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Stephen J. Lee, Published August 18 2010

American Crystal’s pre-pile sugar beet harvest is earliest ever

American Crystal Sugar Co.’s beet growers are beginning their patented early harvest earlier than ever because the crop looks to be bigger than ever.

The “pre-pile” harvest of sugar beets began Tuesday on a graduated schedule of growers. Typically, Sept. 1 marks the kick-off to the early harvest to get American Crystal’s five factories steaming before the full harvest begins Oct. 1.

“The 17th (of August) is the earliest we have ever started,” said Dan Bernhardson, director of agriculture for the Moorhead-based cooperative that grows more sugar beets than any other operation in the nation.

The factories won’t begin running until Thursday, once a supply of beets is on hand, Bernhardson said. The pre-pile period acts as a sort of shake-down cruise for the full harvest.

Early is the word because the early spring planting and great growing season add up to a crop expected to cruise by the previous record yield of 25.4 tons per acre “by two to three tons,” Bernhardson said.

That is a remarkable sign of farming success and of new days in beet farming.

Only a decade ago, 20 tons an acre was considered a peachy beet yield.

But in the past few years, a new plateau has been reached in beet yields, indicated by the current record being hit both in 2006 and 2008, while yields in other recent years didn’t fall back much.

Only 10 years ago, American a record was set when the co-op averaged 21.6 tons per acre.

Of course, one of the reasons for increased yield is the use the past three years of genetically modified beet seed that makes the plants impervious to the popular herbicide Roundup. That allows growers to kill weeds quickly and more cheaply using Roundup than the traditional way using manual labor.

This year, the farmer-owned cooperative allowed the 850 growers to plant 80 to 85 percent of their shares, another indication that average yields have steadily ticked upward. (There are about 2,500 owners of American Crystal stock, who include relatives and landlords of the growers.)

The last time growers were allowed to plant 100 percent of the outstanding shares was 2007, when 500,000 acres were seeded.

Growers have been told this summer they likely will be allowed to harvest acres equivalent to only 70 percent of their stock, the lowest ever allowed – or conversely, the biggest set aside ever, Bernhardson

Practically, it means growers will harvest only about 82 percent of what they planted, unless production ends up being less than projected.

For several years, the co-op has ordered the plowing down of 5 to 15 percent, of the planted acreages because of increasing yields.

The fact is, the five factories – in East Grand Forks, Crookston and Moorhead in Minnesota and in Hillsboro and Drayton in North Dakota – can only process so much. Plus, the federal government limits American Crystal to a certain amount of sugar to market in the controlled trade unique to the sugar beet and sugar cane industry.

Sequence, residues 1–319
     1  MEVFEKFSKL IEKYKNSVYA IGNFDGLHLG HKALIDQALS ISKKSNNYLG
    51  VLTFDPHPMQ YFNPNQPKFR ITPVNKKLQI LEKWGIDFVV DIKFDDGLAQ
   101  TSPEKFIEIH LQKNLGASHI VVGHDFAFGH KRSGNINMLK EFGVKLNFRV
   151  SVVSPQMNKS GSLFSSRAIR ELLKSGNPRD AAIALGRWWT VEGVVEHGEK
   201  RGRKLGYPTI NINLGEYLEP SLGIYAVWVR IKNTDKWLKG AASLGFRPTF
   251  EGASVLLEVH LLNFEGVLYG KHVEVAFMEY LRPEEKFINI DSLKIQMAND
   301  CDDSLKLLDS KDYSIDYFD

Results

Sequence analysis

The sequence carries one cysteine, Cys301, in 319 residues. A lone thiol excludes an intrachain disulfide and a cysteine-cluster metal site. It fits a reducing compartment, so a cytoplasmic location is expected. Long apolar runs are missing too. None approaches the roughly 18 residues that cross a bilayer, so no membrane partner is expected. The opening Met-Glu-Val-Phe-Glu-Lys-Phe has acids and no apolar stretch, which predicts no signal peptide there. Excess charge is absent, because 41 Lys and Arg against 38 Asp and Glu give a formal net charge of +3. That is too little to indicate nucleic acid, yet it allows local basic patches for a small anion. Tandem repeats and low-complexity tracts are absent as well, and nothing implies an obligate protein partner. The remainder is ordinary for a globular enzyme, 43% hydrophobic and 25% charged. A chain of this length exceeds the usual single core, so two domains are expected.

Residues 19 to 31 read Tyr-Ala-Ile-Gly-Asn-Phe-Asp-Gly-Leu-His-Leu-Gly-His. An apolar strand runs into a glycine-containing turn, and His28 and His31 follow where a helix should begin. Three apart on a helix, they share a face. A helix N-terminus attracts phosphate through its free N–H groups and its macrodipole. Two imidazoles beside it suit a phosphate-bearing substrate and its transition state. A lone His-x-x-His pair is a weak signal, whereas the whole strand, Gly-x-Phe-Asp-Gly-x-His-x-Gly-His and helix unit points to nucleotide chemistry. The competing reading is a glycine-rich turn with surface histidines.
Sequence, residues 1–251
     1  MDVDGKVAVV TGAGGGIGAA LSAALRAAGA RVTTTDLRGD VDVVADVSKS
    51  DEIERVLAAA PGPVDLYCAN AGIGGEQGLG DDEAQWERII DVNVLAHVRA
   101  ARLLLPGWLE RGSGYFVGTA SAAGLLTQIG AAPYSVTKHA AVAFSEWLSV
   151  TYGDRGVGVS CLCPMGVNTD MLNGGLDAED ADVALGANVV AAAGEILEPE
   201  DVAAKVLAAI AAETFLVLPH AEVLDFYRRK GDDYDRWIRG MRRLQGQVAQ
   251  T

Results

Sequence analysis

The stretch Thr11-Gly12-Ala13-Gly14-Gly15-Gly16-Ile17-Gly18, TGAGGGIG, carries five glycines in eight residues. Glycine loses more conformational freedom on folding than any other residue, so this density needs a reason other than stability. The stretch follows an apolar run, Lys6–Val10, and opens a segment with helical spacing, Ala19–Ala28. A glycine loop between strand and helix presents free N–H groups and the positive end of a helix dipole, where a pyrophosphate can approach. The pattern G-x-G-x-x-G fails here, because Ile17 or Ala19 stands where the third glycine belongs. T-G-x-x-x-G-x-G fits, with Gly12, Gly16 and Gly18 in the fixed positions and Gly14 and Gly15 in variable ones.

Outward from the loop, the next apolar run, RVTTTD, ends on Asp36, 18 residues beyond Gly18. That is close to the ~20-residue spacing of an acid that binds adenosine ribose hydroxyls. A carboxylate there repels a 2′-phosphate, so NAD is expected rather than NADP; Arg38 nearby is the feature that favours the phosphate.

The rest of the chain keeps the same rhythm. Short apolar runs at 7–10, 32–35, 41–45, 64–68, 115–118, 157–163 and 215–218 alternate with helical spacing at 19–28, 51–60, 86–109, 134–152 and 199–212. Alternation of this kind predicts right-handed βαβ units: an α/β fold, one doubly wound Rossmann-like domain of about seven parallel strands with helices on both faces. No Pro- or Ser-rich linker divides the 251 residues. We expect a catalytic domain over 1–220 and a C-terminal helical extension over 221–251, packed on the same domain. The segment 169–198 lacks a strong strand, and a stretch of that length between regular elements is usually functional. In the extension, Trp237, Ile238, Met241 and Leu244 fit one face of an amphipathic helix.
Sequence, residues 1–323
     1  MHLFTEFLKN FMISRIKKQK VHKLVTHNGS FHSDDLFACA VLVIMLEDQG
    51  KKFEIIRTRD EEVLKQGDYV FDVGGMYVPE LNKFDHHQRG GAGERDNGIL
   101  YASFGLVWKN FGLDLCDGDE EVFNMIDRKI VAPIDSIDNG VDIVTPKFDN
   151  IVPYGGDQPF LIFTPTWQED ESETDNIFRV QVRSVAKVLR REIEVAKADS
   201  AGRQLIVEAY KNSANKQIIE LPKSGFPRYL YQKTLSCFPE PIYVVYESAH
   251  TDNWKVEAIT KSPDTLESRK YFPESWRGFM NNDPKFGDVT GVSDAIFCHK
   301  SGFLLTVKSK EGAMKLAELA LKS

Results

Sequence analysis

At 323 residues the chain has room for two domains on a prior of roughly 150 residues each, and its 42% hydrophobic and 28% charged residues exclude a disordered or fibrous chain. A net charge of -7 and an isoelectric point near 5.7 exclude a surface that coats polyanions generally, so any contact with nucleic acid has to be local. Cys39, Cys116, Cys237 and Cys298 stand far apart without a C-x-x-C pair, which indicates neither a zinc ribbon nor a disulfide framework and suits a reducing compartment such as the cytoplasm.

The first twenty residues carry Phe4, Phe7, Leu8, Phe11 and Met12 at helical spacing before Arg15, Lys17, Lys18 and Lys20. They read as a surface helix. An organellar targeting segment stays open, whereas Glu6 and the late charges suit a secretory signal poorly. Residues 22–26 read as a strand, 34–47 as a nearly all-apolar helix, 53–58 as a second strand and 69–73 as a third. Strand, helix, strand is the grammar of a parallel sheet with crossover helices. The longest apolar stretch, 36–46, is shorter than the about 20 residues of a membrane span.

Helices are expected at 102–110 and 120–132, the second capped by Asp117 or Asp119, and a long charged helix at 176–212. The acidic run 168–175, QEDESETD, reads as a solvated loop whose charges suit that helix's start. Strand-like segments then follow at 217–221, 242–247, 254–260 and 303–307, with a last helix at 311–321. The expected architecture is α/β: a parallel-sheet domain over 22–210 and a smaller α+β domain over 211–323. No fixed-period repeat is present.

Setting aside 18 percent of the 420,000 acres planted this year still will garner about 10 million tons of beets, the typical need for American Crystal, if the average yield ends up running to 28.4 tons per acre. The full stock is equivalent to 500,000 acres of beets.

In 2007, when all 500,000 acres were harvested, pre-pile began Aug. 20.

Despite an earlier pre-pile this year, the full harvest still is scheduled for Oct. 1. It will mean about 15 percent of the crop will be harvested by then, instead of the more usual 10 percent, Bernhardson said. Of course, weather and other factors still could force American Crystal to adjust its schedule.

The annual “campaign,” at the five factories to haul, store and process the beets, runs until late May. Sugar beets can’t be stored outside in warm weather, so it doesn’t pay to begin too early or keep running too late in the spring, company officials say.

Other crops

In other harvest news, spring wheat and barley harvest remains behind normal in North Dakota and well ahead of normal in Minnesota, where the crops aren’t as big a deal.

According to the U.S. Department of Agriculture’s weekly survey of county extension agents, only 27 percent of the spring wheat in North Dakota was combined by Sunday and 43 percent of the barley. That compares to 38 percent and 55 percent, respectively, on average from 2005-09 by the same date.

In Minnesota, three-fourths of the spring wheat was harvested by Sunday, 71 percent of the barley, compared to the normal 42 percent and 61 percent, respectively.

Hot temperatures quickened the ripening of grain, but stormy weather halted combines across North Dakota and northwest Minnesota.

But ground is being made up fast in some parts. Ken Nichols, extension agent in Traill County, estimated 75 percent of the spring wheat there was combined by Monday afternoon.

Stephen J. Lee is a reporter at the Grand Forks Herald